Certain Times do crystallise themselves in a magnificent manner;
others in a rather shabby one.
Chap. IV. _Abbot Hugo_
All things have two faces, a light one and dark: The Ideal has
to grow in the Real, and to seek its bed and board there, often
in a very sorry manner. Abbot Hugo, grown old and feeble. Jew
debts and Jew creditors. How approximate justice strives to
accomplish itself. In the old monastic Books almost no Mention
whatever of 'personal religion.' A poor Lord Abbot, all stuck-
over with horse-leeches: A 'royal commission of inquiry,' to no
purpose. A monk's first duty, obedience. Magister Samson,
Teacher of the Novices. The Abbot's providential death.
Chap. V. _Twelfth Century_
Inspectors of Custodiars; the King not in any breathless haste
to appoint a new Abbot. Dim and very strange looks that monk-
life to us. Our venerable ancient spinning grandmothers,
shrieking, and rushing out with their distaffs. Lakenheath eels
too slippery to be caught. How much is alive in England, in that
Twelfth Century; how much, not yet come into life. Feudal
Aristocracy; Willelmus conquaestor: Not a steeple-chimney yet
got on end from sea to sea.
Chap. VI. _Monk Samson_
Monk-Life and Monk-Religion: A great heaven-high
Unquestionability, encompassing, interpenetrating all human
Duties. Our modern Arkwright Joe-Manton ages: All human dues
and reciprocities, changed into one great due of 'cash-payment'
The old monks but a limited class of creatures, with a somewhat
dull life of it. One Monk of a taciturn nature distinguishes
himself among those babling ones. A Son of poor Norfolk parents.
Little Samson's awful dream: His poor Mother dedicates him to
St. Edmund. He grows to be a learned man, of devout grave
nature. Sent to Rome on business; and returns _too_ successful:
Method of traveling thither in those days. His tribulations at
home: Strange conditions under which Wisdom has sometimes to
struggle with folly.
Chap. VII. _The Canvassing_
A new Abbot to be elected. Even gossip, seven centuries off, has
significance. The Prior with Twelve Monks, to wait on his
Majesty at Waltham. An 'election' the on important social act:
Given the Man a People choose, the worth and worthlessness of the
People itself is given.
Chap. VIII. _The Election_
Electoral methods and manipulations. Brother Samson ready
oftenest with some question, some suggestion that his wisdom in
it. The Thirteen off to Waltham, to choose their Abott: In the
solitude of the Convent, Destiny thus big and in her birthtime,
what gossiping, babbling, dreaming of dreams! King Henry II in
his high Presence-chamber. Samson chosen Abbot: the King's
royal acceptation. St. Edmundsbury Monks, without express ballot
box or other winnowing machine. In every nation and Community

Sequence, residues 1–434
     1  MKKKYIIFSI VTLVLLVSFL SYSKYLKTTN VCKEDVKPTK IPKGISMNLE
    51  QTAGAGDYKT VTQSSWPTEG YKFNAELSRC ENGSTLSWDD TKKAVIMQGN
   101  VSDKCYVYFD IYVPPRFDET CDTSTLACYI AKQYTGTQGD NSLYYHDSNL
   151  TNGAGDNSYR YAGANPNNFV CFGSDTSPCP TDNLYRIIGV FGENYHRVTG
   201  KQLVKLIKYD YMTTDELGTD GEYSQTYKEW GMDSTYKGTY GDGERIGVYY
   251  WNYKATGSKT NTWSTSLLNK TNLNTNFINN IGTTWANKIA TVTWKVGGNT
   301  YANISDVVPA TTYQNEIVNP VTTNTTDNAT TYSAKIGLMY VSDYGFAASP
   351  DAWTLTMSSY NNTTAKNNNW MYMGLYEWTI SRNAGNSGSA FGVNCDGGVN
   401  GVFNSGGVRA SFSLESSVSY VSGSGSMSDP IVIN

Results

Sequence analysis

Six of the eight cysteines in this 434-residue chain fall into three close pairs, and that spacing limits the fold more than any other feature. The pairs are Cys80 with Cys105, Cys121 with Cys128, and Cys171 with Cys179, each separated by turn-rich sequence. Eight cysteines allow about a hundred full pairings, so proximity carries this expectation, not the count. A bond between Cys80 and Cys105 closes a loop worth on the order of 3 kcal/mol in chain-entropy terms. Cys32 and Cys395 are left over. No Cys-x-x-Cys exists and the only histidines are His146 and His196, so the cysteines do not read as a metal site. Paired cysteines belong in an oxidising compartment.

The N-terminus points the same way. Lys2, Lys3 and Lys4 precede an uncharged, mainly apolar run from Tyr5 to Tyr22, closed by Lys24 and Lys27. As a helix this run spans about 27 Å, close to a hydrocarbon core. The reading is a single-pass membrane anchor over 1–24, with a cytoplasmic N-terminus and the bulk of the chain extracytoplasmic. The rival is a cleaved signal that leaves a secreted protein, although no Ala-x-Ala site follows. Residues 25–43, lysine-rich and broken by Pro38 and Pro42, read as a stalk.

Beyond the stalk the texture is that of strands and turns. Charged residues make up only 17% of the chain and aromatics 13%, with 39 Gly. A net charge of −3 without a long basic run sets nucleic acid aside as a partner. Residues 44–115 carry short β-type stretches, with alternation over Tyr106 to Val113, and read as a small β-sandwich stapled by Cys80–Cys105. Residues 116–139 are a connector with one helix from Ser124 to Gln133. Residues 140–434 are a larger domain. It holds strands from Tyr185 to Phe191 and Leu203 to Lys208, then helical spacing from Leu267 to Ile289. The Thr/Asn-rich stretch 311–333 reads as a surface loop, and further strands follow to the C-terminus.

there is at all times _a fittest,_ wisest, bravest, best. Human
Worth and human Worthlessness.
Chap. IX. _Abbot Samson_
The Lord Abbot's arrival at St. Edmundsbury: The self-same
Samson yesterday a poor mendicant, this day, finds himself a
_Dominus Abbas_ and mitred Peer of Parliament. Depth and
opulence of true social vitality in those old barbarous ages.
True Governors go about under all manner of disguises now as
then. Genius, Poet; what these words mean. George the Third,
head charioteer of England; and Robert Burns, gauger of ale in
Dumfries. How Abbot Samson found a Convert all in dilapidation.
His life-long harsh apprenticeship to governing, namely obeying.
First get your Man; all is got. Danger of blockheads.
Chap. X. _Government_
Beautiful, how the chrysalis governing-soul, shaking off its
dusty slough and prison, starts forth winged, a true royal soul!
One first labour, to institute a strenuous review and radical
reform of his economics. Wheresoever Disorder may stand or lie,
let it have a care; here is a man that has declared war with it.
In less than four years the Convent debts are all liquidated, and
the harpy Jews banished from St. Edmundsbury. New life springs
beneficent everywhere: Spiritual rubbish as little tolerated
Chap. XI. _The Abbot's Ways_
Reproaches, open and secret, of ingratitude, unsociability;
Except for 'fit men' in all kinds, hard to say for whom Abbot
Samson had much favour. Remembrance of benefits. An eloquent
man, but intent more on substance than on ornament. A just clear
heart the basis of all true talent. One of the justest of
judges; His invaluable 'talent of silence.' Kind of people he
liked worst. Hospitality and stocism. The country in those days
still dark with noble wood and umbrage; How the old trees
gradually died out, no man heeding it. Monachism itself, so rich